Lifestyles of thousands of years are quickly forgotten in the turbulence of the past two centuries. In Africa, 200 years is some 8 generations, and thus it was about time that a group of Damara people began to research and recount for their old ways, before all was forgotten. Out of this came the Damara Living Museum: a traditional village made up for tourists, where Damara craft and life is put on display by people enacting their customs for work.
The sun was hot in the desert and everybody wore loincloths. Only a couple of women covered their breasts. Our guide was a young, pregnant woman with full, beautiful pregnancy breasts. She was a gorgeous creature. Men were dangling bones and what looked like donkey or oryx tail hair from their loincloths. Some had leather headwear, to protect from the sun. In summer, the day temperature can climb up to 50 degrees centigrade, thus one may wish to concentrate one’s garments over the head. But the nights are still freezing cold. Fortunately these modern Damara people probably went home to a hut with proper blankets, but how did their ancestors manage all those tens of thousands of years previously? With furs? It is not as if the animals around here are donned with insulating pelts.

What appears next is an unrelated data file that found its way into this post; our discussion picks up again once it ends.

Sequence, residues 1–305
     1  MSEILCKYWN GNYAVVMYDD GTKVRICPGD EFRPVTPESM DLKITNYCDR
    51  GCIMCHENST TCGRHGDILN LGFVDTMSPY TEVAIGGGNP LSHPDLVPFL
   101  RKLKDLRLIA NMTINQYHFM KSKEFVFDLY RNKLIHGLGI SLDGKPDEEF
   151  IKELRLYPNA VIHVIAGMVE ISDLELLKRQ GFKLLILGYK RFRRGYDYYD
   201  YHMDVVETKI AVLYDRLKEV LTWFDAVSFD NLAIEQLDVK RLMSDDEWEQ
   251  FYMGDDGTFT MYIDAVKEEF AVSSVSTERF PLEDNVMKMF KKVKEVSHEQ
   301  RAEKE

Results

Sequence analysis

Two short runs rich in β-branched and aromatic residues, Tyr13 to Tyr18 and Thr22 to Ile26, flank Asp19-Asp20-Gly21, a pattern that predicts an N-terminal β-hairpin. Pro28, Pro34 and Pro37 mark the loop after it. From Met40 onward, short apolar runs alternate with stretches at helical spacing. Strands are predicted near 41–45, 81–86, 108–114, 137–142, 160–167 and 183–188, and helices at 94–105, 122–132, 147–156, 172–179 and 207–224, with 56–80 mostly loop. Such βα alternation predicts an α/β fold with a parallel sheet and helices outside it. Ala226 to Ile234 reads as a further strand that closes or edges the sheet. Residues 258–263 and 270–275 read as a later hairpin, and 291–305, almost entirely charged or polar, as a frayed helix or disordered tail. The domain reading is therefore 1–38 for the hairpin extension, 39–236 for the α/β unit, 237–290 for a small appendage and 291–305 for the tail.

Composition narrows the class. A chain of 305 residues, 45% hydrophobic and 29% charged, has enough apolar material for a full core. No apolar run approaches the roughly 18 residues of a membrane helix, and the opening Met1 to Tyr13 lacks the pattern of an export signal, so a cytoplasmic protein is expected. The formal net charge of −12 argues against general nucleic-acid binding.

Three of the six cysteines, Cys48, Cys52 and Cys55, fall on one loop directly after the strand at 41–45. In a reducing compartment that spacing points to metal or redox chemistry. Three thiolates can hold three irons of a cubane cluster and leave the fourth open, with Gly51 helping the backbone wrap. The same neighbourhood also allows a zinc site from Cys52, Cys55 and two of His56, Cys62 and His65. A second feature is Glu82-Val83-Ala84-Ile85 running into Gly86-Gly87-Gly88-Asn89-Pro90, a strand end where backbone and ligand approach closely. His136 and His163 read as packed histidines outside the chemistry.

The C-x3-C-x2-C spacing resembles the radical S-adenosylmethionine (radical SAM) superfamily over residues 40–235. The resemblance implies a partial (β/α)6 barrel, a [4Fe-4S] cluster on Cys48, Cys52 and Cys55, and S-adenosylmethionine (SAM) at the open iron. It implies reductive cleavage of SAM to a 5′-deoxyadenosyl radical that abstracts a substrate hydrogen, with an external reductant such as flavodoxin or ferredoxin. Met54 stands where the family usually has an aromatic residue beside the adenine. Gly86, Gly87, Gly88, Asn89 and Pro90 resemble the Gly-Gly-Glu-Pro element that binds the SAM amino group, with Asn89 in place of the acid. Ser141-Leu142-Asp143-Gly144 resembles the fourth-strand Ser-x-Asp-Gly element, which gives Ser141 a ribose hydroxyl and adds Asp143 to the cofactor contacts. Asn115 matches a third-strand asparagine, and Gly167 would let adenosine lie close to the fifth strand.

We were also taken for a bushwalk to learn about local medicinal plants. Surprisingly many bushes that I recognized actually have known medicinal uses! Even oryx dung was used as a strong potion to stabilize a woman’s menstrual cycle. The ladies explained that it is strong enough to kill an unborn baby. In addition, we were shown how to hunt oryx, and how to trap dassie-rats. Although it was taboo for women to hunt in the Damara culture.
This type of tourism is the best kind: it keeps old traditions alive and feeds local people. It is sad, however, that the only reason the beautiful age-old culture of the Damara exist is for tourists, or in some protected, often distant, areas. “Progress” wipes out so much knowledge, craft, and time-tested ways of life. (Twyfelfontein, Namibia; July 2017)